By 1952 a stone shelter shed and toilet block had been erected near High Street and the Council sought permission to charge fees for the use of a portion of the reserve for camping but by 1959 this activity had been moved to Lake Sambell. In 1964 an ex-army hut was erected for the Girl Guides in the south-western corner which is extant. In 1984-5 Queen Victoria Park participated in the 150th Anniversary of Victoria receiving money for tree works and cleaning up with additional trees received from the Royal Botanic Gardens in 1996. Considerable restoration works occurred in 2001 to reconstruct original pathways, gardens and historic features of the Park and a new playground.
The site is on the land of the traditional owners.
How is it significant?
Queen Victoria Park Beechworth is of historical, aesthetic, and scientific (botanical) significance to the state of Victoria.
Why is it significant?
Queen Victoria Park Beechworth is of historical significance as an important example of a regional botanical garden, established in the nineteenth century in response to the increased wealth of Victoria with the discovery of gold and the desire to provide a place for recreation and education in keeping with European trends.
Queen Victoria Park Beechworth is of historical significance for its early reservation in 1858 as a botanical garden reserve organised by the Beechworth Town Council and the Central Board of Health. In the 1860s and early 1870s the Park had an early association of the Park with Dr Mueller, Director of the Melbourne Botanic Gardens and one of Australia's most prominent botanists, who provided many of the original plants. The two guns mounted on the central rock feature as part of the Federation celebrations in 1901 and the marble tablet commemorating the naming of the Park in memory of Queen Victoria in 1902 are also of historical significance.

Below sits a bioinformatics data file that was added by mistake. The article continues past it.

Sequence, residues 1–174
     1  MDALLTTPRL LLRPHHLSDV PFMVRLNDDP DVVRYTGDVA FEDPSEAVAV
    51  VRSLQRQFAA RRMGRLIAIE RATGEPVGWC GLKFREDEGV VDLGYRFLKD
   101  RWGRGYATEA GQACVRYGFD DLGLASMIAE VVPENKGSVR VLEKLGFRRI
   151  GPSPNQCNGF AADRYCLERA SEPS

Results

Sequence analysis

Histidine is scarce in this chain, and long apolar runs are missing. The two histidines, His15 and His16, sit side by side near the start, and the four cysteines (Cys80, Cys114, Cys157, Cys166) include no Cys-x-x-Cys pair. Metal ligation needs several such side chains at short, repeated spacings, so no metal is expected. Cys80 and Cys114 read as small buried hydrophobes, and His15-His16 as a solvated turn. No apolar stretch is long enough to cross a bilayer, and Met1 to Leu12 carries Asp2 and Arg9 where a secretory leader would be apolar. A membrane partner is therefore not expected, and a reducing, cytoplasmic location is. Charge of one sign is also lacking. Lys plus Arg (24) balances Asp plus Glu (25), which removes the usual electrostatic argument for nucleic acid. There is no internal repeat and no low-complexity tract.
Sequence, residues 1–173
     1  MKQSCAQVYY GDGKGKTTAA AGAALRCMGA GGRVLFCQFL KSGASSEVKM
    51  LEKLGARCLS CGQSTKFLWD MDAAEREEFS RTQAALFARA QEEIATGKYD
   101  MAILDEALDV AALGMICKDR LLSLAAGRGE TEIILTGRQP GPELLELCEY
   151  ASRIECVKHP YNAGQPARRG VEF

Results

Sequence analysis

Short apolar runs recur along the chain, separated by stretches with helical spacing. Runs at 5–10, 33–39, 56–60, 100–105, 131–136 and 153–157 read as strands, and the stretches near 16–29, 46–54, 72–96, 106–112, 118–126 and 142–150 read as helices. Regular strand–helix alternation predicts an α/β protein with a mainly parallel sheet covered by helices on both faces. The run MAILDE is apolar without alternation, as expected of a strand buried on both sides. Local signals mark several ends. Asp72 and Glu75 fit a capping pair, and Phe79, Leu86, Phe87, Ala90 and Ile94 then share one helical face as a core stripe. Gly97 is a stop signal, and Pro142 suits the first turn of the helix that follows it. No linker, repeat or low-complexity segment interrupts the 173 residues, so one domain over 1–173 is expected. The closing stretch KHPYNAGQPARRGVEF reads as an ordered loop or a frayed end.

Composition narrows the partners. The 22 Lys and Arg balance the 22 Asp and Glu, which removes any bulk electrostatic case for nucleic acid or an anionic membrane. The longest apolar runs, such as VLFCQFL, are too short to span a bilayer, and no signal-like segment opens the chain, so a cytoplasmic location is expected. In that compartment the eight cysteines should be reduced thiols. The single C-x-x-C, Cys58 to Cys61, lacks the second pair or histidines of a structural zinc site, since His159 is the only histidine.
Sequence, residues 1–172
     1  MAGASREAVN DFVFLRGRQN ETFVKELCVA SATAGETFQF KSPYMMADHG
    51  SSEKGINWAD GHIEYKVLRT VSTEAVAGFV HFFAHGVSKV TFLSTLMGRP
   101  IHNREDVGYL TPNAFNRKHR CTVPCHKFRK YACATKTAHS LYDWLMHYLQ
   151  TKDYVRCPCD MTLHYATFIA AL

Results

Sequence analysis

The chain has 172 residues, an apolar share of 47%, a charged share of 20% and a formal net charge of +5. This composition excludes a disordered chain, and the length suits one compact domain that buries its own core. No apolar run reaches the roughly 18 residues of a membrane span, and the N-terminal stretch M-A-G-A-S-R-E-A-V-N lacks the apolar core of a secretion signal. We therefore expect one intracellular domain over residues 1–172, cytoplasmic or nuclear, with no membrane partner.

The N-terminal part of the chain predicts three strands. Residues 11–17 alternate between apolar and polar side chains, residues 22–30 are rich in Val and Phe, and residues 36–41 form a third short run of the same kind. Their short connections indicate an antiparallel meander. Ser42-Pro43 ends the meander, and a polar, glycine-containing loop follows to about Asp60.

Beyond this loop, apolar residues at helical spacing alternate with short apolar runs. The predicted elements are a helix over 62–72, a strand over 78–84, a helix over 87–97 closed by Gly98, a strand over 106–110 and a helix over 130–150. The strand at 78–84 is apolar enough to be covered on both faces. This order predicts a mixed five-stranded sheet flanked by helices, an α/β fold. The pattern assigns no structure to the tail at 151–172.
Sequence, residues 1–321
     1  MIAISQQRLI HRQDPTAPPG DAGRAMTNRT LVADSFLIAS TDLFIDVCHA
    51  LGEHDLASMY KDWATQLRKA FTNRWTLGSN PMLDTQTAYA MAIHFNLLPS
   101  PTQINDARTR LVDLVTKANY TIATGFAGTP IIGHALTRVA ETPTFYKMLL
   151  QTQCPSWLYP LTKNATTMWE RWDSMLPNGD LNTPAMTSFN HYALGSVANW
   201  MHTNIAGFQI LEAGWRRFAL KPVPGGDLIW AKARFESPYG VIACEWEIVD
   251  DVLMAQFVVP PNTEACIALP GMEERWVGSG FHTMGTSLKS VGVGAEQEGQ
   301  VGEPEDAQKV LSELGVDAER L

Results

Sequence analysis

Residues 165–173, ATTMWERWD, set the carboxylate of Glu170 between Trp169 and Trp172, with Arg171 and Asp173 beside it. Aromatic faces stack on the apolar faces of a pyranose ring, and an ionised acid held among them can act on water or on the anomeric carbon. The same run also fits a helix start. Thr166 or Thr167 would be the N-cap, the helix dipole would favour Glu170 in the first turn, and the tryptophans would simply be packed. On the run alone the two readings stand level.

The Queen Victoria Park , Beechworth is of historical significance for the c1913 outdoor picture theatre, which is possibly the earliest such installation in Victoria. The Park contains the only known surviving remnant (the base of the screen) of this feature.
Queen Victoria Park Beechworth is of aesthetic significance as an open park featuring many closely planted pines which create a forest-like impression of a tall coniferous forest. A major visual feature of the Park is the large central granite outcrop which is the highest point in the Park which provides some view through the trees over Lake Sambell to the south-east and the township of Beechworth to the north-west. Formal intact landscape elements include the commemorative avenue of pines along the drive of main drive off the Beechworth-Wangaratta Road and an avenue of English oaks parallel to High Street.
Queen Victoria Park Beechworth is of scientific (botanical) significance for its outstanding collection of unusual and rare mature conifers. This includes three [1 tree removed 2010]specimens of Loblolly Pine (Pinus taeda), the only known examples in Victoria and the largest known specimen of the Big Cone Pine (Pinus coulteri). Other uncommon and significant trees are a Himalayan White Pine (Pinus wallichiana), a Bentham Cypress (Cupressus lusitancia var benthami), Cupressus torulosa var corneyana, two Incense cedars (Calocedrus decurrens) as well as two Sierra Redwoods (Sequoiadendron giganteum).